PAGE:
Ingredient Review: Denatured alcohol

Denatured alcohol simply put is a drinkable alcohol that has been chemically altered or had another chemical added to it to make it unpallible. In skincare its most common to see alcohol that has had another chemical added to it forming SDA (specially denatured alcohol). You can find this a lot in skincare. Denatured alcohol, alcohol denat, or isopropyl alcohol is used for a variety of reasons: preservative, helps skincare products penetrate, viscosity, in creams it gives a lighter consistency, faster dry time, clean feeling on the skin. The biggest offenders I’ve seen are toners. {Coughs} Clinique’s ingredient list is shown below. There’s several offenders I don’t like in this toner, but that’s an entirely different post that will be coming shortly.

Not all alcohols are bad though. There are many alcohols in skincare and hair are products for that matter that are humectants. Humectants are water attractors, so water is pulled into an area and binds to that chemical. Cetearyl alcohol or cetyl alochol is a wonderful example of this and is found in both skin and hair care items. This group of alcohols are fatty alcohols and are really popular in leave in conditioners, cleansers, and essence/plumpers/softeners . It’s not uncommon to see it about half way down the ingredients list. Just like other moisturizers a little of this can go a long way.

Denatured alcohol on the other hand should never be in your ingredients list, especially if you have oily skin. People with oily skin commonly use products with denatured alcohol because they’re inexpensive chemical that can give an instant matte finish and you do leave your bathroom feeling clean. The problem is that it offers a 5 min fix to a 24/7 problem. When denatured alcohol is used on your face is peels away all the oils and some lipids (fats) on your skin, not just the excessive oils. It can destroy the moisture barrier (that’s where the lipids come in play) and cause skin irritation if used for too long. It over dries the top layer of skin causing your skin to go into repair mode, which means an increase in oil production to keep that top layer of skin healthy and moisturized while it repairs. In short, denatured alcohol increases oil production.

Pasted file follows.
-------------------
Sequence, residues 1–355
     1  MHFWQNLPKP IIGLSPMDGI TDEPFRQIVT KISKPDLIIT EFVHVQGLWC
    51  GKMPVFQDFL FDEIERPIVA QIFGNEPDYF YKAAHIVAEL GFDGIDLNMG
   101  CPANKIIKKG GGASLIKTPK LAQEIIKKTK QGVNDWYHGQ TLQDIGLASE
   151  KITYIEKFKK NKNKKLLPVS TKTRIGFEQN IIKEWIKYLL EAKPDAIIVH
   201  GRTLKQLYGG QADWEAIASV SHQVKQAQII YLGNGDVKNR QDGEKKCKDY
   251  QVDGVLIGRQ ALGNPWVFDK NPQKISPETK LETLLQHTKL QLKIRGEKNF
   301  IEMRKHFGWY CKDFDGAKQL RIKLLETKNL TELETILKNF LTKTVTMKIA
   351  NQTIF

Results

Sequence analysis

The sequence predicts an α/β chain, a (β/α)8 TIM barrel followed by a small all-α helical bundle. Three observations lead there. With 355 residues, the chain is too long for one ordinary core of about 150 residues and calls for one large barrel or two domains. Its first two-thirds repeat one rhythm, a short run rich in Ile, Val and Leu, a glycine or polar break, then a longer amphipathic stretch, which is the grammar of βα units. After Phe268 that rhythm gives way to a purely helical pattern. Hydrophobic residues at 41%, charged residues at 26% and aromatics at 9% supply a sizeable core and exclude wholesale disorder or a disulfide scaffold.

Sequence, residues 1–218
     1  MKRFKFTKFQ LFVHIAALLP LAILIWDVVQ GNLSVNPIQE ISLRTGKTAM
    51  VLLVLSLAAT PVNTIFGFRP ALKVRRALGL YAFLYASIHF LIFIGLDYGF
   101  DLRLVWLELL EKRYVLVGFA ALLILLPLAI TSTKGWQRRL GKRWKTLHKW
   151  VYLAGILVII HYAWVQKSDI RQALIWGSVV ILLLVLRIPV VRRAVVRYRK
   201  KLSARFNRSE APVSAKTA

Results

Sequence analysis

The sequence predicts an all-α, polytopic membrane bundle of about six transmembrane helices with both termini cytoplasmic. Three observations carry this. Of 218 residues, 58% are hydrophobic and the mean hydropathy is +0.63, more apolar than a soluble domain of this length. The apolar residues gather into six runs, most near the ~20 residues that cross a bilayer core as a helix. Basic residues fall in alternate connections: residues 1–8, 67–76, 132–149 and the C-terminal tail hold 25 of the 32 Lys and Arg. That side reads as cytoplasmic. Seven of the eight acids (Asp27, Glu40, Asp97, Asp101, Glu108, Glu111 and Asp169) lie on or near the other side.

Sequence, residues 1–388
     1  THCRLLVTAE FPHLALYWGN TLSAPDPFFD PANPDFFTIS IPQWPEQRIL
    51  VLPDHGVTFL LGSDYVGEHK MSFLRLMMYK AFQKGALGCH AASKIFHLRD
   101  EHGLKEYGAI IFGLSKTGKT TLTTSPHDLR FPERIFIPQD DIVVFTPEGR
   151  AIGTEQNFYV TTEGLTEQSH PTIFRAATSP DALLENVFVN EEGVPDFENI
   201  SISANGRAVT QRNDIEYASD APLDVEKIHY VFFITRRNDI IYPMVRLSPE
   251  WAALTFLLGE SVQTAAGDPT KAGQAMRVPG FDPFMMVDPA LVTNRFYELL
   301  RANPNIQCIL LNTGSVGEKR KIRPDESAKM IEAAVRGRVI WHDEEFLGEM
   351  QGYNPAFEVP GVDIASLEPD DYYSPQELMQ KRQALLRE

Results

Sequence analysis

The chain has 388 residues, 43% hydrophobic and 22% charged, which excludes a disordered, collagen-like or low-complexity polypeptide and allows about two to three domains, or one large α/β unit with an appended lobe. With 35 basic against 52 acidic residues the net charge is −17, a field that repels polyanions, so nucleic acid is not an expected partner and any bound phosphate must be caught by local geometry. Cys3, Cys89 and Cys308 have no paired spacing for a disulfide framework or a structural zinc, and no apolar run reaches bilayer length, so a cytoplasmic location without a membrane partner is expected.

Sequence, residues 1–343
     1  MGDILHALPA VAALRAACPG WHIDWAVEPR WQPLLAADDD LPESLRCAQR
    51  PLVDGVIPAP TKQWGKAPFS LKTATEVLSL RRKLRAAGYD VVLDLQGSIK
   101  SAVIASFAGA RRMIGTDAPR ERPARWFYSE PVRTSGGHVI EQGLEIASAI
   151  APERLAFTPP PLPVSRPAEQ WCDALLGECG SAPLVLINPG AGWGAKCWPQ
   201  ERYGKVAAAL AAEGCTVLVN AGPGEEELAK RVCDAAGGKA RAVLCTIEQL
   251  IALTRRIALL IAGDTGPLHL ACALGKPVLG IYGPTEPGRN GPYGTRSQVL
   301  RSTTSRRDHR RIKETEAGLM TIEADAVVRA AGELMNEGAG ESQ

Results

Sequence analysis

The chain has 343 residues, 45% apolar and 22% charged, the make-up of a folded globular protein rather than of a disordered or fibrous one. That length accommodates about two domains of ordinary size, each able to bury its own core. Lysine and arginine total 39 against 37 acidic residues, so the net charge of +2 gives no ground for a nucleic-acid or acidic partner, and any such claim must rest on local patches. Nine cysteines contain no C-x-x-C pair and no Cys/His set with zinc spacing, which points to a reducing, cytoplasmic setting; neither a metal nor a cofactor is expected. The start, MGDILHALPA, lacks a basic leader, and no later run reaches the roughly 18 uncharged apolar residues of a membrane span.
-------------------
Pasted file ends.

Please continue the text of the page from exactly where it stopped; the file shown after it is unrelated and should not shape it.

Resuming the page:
For dry skin, denatured alcohol will over dry your skin. And anyone with dry skin knows, keeping your skin at its optimal moisture content can be a challenge in and of itself. Using products with denatured alcohol just makes that so much worse by destroying that top layer of skin and breaking apart the moisture barrier.

For normal skin individuals, the gods blessed you with the ideal skin type but even denatured alcohol will move you to a different direction, oily or dry. Normal skin is able to maintain that optimal balance but continual destruction of the moisture barrier and triggering oil production in your skin can leave you falling off the edge into dry skin horrors or oily skin nightmares.

For sensitive skin…….. don’t even think about it. PERIOD. The fatty alcohols can works wonders if your skin allows it, but the denatured alcohols will simply murder your skin.

Words to avoid in the ingredients list: denatured alcohol, alcohol denat, isopropyl alcohol, SDA, SDA 40-B, denatonium, denaturate, ethyl acetate, tert-butyl alcohol.

In short, This isn’t a product anyone recommends people use on their face. Why Clinique continues to use their toners in the manner they do I’ll never know. Nearly every drug store toner is better. I use denatured alcohol in the lab to clean glass wear and keep my lab benches clean; that’s exactly where it’s staying.

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